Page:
he who spieaketh lies privately, though not confirmed by an oath, 6 shall not cecape the divine judgment. Many will entreat the fa

vour of the prince, because great things are in his power : and every man [is] a friend to him that giveth gifts; 10 a man whose circumstances enable himn and whose temper inclines him to be liber

al. What a strong argument is this to seek the divine friendship! 17 All the brethren of the poor do hate him as a disgrace and bur.

den to them : how much more do his friends go far from him, that is, those who professed themselves such as he pursueth (them

with] words, he entrells them and puts them in mind of formir. & promises, (yet) they (are] wanting (to him.) He that getteth

wisdom loveth his own soul : he that keepeth understanding, 9 who conducts his life by prudent counsel, shall find good. A false

witness shall not be unpunished, and she that] spcakeih lies shall

perish ; this is repeated because it is an important marim, see v. 5. 10 Delight is not seemly for a fool; he knows no! how to behave in

pirosperity; he useth the delights of life 10 dishonour God, and for his orun mischief ; much less for a servant to have rule over prin

ces ; if such an one be in power, he is intolerable, and a judginent Il on mankind. The discretion of a man deferreth his anger vill he

is cool, and has considered the inaller : and [it is] bis glory to

pass over a transgression, not to revenge it ; though the perverse 12 judement of the world is contrary. The king's wrath [is] as the

roaring of a lion ; but his favour [is] as dew upoa the grass, 13 This is de signed to promote loyalty. A foolish son [is] the calam:

ity of his father : and the contentions of a wife (are) a continual dropping ; make the house uncomfortable and unfit to be inhab. ited, and so tempi a man to extravagance abroad. A wicked son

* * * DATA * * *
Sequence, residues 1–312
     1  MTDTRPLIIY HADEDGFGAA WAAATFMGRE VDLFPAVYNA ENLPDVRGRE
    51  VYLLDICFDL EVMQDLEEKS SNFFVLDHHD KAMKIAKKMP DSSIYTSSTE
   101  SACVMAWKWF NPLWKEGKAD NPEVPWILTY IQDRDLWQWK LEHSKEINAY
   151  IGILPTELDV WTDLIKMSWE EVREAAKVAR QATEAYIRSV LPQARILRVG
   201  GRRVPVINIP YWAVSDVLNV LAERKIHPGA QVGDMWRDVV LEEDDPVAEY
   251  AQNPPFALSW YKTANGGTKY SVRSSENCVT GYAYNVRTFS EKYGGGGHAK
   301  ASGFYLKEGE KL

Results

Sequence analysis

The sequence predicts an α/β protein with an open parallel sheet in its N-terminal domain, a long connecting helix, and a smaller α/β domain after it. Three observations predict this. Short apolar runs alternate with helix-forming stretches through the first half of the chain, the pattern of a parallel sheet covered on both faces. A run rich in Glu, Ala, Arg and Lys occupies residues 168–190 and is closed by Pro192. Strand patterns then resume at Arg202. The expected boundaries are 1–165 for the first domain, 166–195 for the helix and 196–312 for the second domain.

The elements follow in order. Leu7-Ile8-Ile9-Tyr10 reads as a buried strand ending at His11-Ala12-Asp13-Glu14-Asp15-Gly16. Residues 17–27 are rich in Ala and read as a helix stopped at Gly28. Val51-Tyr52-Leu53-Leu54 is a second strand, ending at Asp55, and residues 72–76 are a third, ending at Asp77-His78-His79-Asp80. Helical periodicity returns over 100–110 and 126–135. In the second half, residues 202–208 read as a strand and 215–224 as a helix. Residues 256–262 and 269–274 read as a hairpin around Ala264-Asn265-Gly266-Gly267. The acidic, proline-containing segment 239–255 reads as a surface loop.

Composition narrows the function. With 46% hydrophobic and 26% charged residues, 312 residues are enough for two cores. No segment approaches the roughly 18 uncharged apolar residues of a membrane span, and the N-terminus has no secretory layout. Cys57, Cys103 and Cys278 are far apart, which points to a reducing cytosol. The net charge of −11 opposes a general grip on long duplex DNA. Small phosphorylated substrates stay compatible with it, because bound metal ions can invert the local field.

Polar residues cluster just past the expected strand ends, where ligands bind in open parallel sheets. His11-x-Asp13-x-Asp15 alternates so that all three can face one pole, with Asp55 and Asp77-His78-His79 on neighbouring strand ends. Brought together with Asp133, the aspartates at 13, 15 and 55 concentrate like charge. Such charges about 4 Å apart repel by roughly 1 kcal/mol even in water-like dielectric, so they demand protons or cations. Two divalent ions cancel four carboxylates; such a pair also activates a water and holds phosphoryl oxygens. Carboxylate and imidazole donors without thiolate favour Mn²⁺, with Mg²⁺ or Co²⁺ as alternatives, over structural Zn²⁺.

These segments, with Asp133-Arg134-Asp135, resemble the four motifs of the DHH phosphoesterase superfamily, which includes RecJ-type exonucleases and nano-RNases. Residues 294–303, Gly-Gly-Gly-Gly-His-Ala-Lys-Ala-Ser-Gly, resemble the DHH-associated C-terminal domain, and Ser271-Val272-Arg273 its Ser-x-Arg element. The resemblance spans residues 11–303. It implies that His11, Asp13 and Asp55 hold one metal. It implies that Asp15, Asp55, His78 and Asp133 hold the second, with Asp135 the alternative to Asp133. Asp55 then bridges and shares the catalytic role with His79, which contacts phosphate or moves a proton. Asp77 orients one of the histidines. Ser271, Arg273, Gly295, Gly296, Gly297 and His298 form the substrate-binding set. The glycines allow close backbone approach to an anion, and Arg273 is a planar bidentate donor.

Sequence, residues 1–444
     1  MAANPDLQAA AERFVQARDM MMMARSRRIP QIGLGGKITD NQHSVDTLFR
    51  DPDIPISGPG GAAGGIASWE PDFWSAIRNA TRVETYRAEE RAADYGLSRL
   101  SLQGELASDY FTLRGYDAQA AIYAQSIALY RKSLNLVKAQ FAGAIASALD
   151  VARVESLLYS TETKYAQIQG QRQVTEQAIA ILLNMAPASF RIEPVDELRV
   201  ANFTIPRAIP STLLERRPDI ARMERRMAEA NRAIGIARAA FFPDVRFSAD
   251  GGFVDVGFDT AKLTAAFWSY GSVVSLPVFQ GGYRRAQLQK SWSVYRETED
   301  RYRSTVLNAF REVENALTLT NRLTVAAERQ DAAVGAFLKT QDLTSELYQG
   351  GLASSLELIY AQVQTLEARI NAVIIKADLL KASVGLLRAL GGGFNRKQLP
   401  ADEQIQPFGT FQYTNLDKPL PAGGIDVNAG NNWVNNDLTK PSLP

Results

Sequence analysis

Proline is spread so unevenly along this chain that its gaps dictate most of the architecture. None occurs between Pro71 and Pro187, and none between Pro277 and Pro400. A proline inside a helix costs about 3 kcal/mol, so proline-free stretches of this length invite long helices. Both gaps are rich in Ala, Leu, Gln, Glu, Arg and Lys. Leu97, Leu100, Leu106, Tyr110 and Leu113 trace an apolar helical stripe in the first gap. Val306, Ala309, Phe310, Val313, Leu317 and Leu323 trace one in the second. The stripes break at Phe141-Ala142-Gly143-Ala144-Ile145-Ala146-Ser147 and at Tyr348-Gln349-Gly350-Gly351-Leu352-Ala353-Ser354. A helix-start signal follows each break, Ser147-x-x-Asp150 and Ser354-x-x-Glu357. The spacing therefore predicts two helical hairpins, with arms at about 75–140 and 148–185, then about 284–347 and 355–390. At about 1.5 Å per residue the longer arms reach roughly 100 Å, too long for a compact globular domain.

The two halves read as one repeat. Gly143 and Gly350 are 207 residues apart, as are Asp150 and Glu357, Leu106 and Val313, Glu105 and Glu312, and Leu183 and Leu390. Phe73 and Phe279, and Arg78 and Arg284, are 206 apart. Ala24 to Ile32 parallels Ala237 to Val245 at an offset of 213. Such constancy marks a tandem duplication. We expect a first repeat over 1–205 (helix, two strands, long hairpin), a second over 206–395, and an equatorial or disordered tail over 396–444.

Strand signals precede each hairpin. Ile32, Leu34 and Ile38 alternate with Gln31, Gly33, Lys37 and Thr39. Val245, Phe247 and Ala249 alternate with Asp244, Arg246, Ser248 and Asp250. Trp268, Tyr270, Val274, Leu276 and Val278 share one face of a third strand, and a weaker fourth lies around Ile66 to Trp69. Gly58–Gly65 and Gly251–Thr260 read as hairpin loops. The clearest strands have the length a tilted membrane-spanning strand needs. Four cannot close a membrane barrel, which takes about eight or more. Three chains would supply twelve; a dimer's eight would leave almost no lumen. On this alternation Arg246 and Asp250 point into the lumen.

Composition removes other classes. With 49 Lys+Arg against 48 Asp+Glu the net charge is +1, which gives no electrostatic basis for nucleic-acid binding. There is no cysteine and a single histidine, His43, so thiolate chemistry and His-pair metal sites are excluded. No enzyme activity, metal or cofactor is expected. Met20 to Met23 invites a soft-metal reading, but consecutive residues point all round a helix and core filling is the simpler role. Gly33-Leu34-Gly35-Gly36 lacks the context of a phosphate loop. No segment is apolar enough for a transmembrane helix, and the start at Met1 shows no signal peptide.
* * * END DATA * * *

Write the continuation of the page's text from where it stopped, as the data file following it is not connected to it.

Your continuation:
and a scolding wife, are two of the saddest plagues in a family. 14 House and riches [are] the inheritance of father's : and a prije

dent wife [is] from the LORD, she does not come by hereditary

righi ; his providence therefore should be acknowledged in this 15 favour. Slothfulness casteth into a deep sleep ; it has a stupify

ing faculty, and makes men unfit for business ; and an idle sout 16 shall suffer hunger ; shall be reduced to poverty and want. He .

that keepeth the commandment keepeth his own soul ; secures his peace and happiness ; (but] he that despiseth his ways shall die ; he that never thinks or minds how he acts, who follows his

otun inclination and ihe fashion, goes the direct way to destruction. 17 He that hath pity upon the poor lendeth unto the LORD; and

that which he hath given will he pay him again ; it is in a safe hand, and he shall have good interest. A delightful thought,

and of more force than a thousand volumes to recommend liber. 18 ality. Chasten thy son while there is hope, and let not thy soul

spare for his crying ; it should be ra:her rendered, "Do not life

up thy soul to his destruction, that is, correct him, but not immod19 erately.' A man of great wrath shall suffer punishment; he

will have a deal of perplexity and uneasiness, quarrels, and latu suits : for if thou deliver [him,] yet thou must do it again ; he

will soon bring himself into some other scrape by his passion and per20 verseness. Hear counsel, and receive instruction, that thou

mayest be wise in the latter end ; consider the final consequences 21 of things ; such wisdom will be wisdom indeed. [There are]

many devices in a man's heart ; nevertheless the counsel of the

LORD, that shall stand in spite of them all. A comfortable thought 22 10 a good man at all times. The desire of a man [is] his kind

ness ; it is agreeable when persons mean well, though it is not in their power to do much : and a poor man (is) better than a liar ; a poor man who gires good ev dence of a kind, benevolent disposition, is more esteemed and respected than a liar, that is, than a rich man who makes great professions and promises, and does not